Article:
Education

Donation to CBC nuclear program pays for new simulation equipment

Columbia Basin College students Matt Knoke, left, and Kyle Thomas run through a demonstration of a new radiation simulation system purchased for the school’s nuclear technology program. The monitor tracks where the students are during a simulation anywhere in the program’s lab area.
Columbia Basin College students Matt Knoke, left, and Kyle Thomas run through a demonstration of a new radiation simulation system purchased for the school’s nuclear technology program. The monitor tracks where the students are during a simulation anywhere in the program’s lab area. Tri-City Herald

A $32,000 donation from a Hanford contractor means new equipment for nuclear technology students at Columbia Basin College, giving them better training to avoid radiation exposure.

The money from Washington River Protection Solutions was combined with $80,000 from the college’s nuclear technology fund to buy the Q-Track simulation system.

The new technology installed in February allows instructors and students to simulate radiation conditions throughout the entire lab space rather than just a small area.

“It’s cutting edge. It’s like a flight simulator for a pilot,” student Kyle Thomas, who will graduate this spring, said after a Thursday demonstration. “Before, it was kind of like playing cowboys and Indians.”

It’s cutting edge. It’s like a flight simulator for a pilot.

Kyle Thomas, CBC student

Officials with WRPS and the college lauded the program for filling the need for qualified workers in the nuclear industry, also noting that the public-private partnership has allowed it to thrive.

“It’s not just for my company or my parent company,” Mark Lindholm, president of WRPS, said of the donation. “This kind of training will serve you well no matter what you do in the future.”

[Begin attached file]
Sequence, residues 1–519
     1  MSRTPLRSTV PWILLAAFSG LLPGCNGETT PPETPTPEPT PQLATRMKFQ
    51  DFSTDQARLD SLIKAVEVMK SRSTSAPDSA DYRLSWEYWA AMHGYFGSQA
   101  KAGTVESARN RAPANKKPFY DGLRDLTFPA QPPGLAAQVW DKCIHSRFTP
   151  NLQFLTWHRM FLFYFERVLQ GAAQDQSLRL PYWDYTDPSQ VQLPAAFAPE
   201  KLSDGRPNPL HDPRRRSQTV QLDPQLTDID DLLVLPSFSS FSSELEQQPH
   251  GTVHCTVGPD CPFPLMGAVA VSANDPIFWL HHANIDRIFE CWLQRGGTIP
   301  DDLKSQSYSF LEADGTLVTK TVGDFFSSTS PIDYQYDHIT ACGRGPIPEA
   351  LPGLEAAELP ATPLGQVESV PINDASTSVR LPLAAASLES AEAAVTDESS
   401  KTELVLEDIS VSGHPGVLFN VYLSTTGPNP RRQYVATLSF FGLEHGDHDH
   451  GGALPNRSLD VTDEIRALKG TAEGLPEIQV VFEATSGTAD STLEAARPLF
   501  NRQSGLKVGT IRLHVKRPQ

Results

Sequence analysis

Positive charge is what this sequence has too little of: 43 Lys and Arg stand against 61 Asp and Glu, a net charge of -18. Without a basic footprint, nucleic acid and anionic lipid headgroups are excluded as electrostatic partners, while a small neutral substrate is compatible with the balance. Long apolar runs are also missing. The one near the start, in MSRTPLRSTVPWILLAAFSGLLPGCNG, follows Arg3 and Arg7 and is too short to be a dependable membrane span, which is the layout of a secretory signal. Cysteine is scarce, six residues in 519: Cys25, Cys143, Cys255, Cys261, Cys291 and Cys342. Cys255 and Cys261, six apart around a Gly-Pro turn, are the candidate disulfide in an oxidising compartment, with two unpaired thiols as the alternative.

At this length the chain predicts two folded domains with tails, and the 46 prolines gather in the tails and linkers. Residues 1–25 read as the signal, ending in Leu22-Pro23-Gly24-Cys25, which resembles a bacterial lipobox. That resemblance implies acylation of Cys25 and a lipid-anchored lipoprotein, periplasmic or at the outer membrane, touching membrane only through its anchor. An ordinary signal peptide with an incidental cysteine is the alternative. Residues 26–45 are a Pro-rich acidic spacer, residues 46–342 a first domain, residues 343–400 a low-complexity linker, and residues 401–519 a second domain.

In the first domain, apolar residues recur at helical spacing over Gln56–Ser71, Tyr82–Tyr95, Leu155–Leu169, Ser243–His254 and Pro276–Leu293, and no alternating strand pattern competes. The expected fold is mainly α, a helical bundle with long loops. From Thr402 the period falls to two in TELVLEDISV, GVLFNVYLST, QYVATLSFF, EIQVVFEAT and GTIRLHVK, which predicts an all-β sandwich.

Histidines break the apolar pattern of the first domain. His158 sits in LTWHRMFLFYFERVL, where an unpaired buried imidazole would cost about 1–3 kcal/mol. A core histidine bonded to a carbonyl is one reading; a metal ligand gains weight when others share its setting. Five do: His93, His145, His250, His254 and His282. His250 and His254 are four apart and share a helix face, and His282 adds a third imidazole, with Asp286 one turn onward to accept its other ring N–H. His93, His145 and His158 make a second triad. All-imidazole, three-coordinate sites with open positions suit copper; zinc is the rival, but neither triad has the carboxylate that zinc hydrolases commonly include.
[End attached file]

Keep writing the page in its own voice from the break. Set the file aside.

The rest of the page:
The nuclear technology program, which has 43 first- and second-year students, began in 2009 after CBC worked with those in the industry to establish it. WRPS has contributed hundreds of thousands of dollars to the program since those early days.

“Nuclear safety is paramount and our students are being trained with this in mind,” said Dawn Alford, director of the nuclear program.

Nuclear safety is paramount and our students are being trained with this in mind.

Dawn Alford, director of CBC nuclear program

Students don’t handle live radioactive material as part of their education, relying instead on simulated radioactive environments.

The need for more expansive systems, such as the Q-Track, was determined about five years ago, but CBC President Rich Cummins said the college alone doesn’t have the resources to enhance the program’s equipment on that scale. That led to WRPS stepping in to help cover the cost.

Students previously used Geiger counters that simulated radiation detection in part of the lab. Now, the computer-based Q-Track system can expand that simulation and also track student movements on a large monitor.

It’s not just the local need we’re taking care of. It’s the global need.

Rich Cummins, CBC president

“It’s huge because it’s going to let us have real time practice,” said Thomas, who already has an internship at Pacific Northwest National Laboratory in Richland waiting for him when he graduates.

Lindholm noted that his company, which oversees the Hanford site’s tank farm, employs 10 people who have graduated from the CBC program. But he and others emphasized that it has a far greater benefit than just for the Tri-Cities.

“It’s not just the local need we’re taking care of. It’s the global need,” Cummins said.

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